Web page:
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2017 Toyota Prius Prime vs 2017 Chevrolet Volt — Head-To-Head Comparison

With the 2017 Toyota Prius Prime plug-in hybrid pretty much now here (in the US market), it looks as though the 2017 Chevy Volt plug-in hybrid has some serious competition. Arguably, for the first time.

With the 2017 Toyota Prius Prime plug-in hybrid pretty much now here (in the US market), it looks as though the 2017 Chevy Volt plug-in hybrid has some serious competition.

2017 Chevy Volt Steve

So, how do the two plug-in hybrid (PHEV) offerings stack up against each other? That’s a hard comparison, as they seem to be targeting somewhat different customers — the 2017 Toyota Prius Prime is more energy efficient and a bit cheaper, but with less all-electric range (the 2017 Chevy Volt has an EPA-rated all-electric range more than double that of the Prius Prime).

So, how to choose? Arguably, the Prius Prime’s 25-mile all-electric range can meet most people’s daily travel needs, but if the buyer in question has a longer commute and doesn’t want to use any gas at all for it, then the Volt could well be a better choice (53-mile range).

The situation with pricing is similarly nuanced. While the Prius Prime is notably cheaper upfront, when available federal tax credits are factored in, the difference is less than it seems at first.

To explain, the 2017 Chevy Volt starts at ~$34,000 and the 2017 Toyota Prius Prime starts at ~$28,000, but the Volt is eligible for the full $7,500 tax credit (presuming you owe that much in taxes) whereas the Prius Prime is only eligible for a $4,500 federal tax credit (because of the smaller battery).

So, again, the financials will vary somewhat based on your income level — if you don’t pay more than $4,500 in federal taxes a year anyways, the fact that the Volt qualifies for the full $7,500 tax credit doesn’t matter.

With regard to performance, the 2017 Chevy Volt does seem to come out ahead — though, the 2017 Toyota Prius Prime is reportedly a noticeable improvement over predecessors with regard to response and handling. Also notable is that the Prime is in all-electric mode by default — with the combustion engine only being relied upon after the battery is drained. That means that the instant torque that electric vehicles are known for is available most of the time. This EV benefit wasn’t highlighted as much in the first-gen Toyota Prius PHEV. But the Volt is still spunkier.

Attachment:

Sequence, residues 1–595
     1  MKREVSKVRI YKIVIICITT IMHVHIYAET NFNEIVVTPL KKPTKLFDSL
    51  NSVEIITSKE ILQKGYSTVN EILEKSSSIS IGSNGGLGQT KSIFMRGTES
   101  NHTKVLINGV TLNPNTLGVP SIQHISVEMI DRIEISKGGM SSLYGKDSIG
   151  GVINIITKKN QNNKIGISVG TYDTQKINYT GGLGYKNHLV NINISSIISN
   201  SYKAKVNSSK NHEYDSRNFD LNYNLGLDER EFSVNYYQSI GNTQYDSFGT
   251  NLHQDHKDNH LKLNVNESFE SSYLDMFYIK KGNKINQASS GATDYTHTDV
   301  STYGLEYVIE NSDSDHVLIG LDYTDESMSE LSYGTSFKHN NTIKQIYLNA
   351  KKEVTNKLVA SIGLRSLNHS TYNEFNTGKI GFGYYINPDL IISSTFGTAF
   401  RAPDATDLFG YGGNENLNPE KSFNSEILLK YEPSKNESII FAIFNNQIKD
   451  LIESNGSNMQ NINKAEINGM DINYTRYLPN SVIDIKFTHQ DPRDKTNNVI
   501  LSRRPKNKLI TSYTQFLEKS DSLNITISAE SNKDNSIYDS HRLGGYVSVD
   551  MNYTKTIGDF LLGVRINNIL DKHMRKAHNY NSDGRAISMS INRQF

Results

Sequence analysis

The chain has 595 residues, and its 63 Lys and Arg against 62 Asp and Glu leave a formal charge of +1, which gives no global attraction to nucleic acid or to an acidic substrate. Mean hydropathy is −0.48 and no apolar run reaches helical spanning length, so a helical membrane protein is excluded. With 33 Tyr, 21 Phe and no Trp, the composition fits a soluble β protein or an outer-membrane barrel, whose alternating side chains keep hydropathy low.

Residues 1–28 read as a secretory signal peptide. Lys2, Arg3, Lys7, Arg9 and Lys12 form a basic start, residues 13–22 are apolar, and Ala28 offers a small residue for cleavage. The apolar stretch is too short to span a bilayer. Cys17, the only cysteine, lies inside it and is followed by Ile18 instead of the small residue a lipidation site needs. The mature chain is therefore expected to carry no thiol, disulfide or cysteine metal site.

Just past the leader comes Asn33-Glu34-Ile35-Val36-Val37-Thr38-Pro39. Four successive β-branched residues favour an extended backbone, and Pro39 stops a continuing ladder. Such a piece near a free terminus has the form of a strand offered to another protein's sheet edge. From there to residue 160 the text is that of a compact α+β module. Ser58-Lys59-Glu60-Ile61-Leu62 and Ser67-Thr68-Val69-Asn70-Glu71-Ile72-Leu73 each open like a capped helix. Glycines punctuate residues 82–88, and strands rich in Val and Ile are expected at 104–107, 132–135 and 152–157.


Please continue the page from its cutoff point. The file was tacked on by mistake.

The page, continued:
Other comparisons:

  • the Volt has 149 horsepower, an 18.4 kilowatt-hour battery pack, and a fuel economy of 42 mpg;
  • the Prius Prime has 121 horsepower, an 8.8 kilowatt-hour battery pack, and a 54 mpg fuel economy.

Also notable is that the Prius Prime really only has spacing for 4, while you can technically fit a 5th person in the Volt if you need to (not easily, but yeah).

So, depending on needs and income levels, it seems that either one of the two models could make more sense than the other.

The good folks at Green Car Reports compared the two models side by side and created a video about it. Have a watch for more of a comparison.

Featured image credit: Kyle Field | CleanTechnica

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Written By

James Ayre's background is predominantly in geopolitics and history, but he has an obsessive interest in pretty much everything. After an early life spent in the Imperial Free City of Dortmund, James followed the river Ruhr to Cofbuokheim, where he attended the University of Astnide. And where he also briefly considered entering the coal mining business. He currently writes for a living, on a broad variety of subjects, ranging from science, to politics, to military history, to renewable energy.


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